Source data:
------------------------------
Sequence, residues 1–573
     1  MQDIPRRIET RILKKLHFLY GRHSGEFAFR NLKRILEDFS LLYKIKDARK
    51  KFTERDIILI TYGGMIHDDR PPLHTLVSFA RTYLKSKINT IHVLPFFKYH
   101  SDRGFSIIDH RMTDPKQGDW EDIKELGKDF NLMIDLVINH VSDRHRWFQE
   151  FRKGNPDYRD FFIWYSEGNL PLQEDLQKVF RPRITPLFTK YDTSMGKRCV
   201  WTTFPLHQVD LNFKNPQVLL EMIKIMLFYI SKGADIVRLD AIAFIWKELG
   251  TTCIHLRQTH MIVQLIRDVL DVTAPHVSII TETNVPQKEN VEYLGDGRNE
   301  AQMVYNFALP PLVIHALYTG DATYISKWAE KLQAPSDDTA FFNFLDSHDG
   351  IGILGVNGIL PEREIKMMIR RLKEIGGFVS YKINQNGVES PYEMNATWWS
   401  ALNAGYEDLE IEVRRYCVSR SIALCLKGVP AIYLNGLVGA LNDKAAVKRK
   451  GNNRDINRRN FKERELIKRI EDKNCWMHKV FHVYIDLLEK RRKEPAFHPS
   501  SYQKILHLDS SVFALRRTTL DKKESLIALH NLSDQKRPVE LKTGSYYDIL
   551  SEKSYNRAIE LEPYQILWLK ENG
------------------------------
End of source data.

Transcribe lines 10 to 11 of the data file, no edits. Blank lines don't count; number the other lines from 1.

   401  ALNAGYEDLE IEVRRYCVSR SIALCLKGVP AIYLNGLVGA LNDKAAVKRK
   451  GNNRDINRRN FKERELIKRI EDKNCWMHKV FHVYIDLLEK RRKEPAFHPS